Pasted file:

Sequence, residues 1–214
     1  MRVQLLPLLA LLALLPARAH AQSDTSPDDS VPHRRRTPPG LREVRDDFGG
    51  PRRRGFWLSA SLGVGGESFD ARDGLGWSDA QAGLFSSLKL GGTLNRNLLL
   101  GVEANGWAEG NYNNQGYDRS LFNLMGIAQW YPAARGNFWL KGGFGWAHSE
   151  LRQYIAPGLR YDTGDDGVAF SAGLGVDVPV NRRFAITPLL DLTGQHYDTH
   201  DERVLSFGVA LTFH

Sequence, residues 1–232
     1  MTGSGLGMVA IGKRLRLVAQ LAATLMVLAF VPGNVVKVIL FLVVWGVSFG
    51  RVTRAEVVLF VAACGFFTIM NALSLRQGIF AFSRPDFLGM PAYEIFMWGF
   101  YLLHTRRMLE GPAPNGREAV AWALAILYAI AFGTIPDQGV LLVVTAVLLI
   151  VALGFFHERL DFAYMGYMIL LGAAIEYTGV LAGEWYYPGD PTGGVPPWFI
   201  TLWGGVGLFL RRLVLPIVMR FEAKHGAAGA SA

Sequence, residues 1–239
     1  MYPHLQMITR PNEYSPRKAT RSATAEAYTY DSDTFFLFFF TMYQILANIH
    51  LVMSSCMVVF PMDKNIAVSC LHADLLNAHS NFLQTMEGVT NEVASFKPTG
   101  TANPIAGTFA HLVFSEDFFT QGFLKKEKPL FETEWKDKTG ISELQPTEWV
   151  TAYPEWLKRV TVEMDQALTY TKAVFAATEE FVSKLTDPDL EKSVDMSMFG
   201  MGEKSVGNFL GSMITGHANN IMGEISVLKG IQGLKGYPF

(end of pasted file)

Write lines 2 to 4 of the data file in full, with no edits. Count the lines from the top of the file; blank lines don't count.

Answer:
     1  MRVQLLPLLA LLALLPARAH AQSDTSPDDS VPHRRRTPPG LREVRDDFGG
    51  PRRRGFWLSA SLGVGGESFD ARDGLGWSDA QAGLFSSLKL GGTLNRNLLL
   101  GVEANGWAEG NYNNQGYDRS LFNLMGIAQW YPAARGNFWL KGGFGWAHSE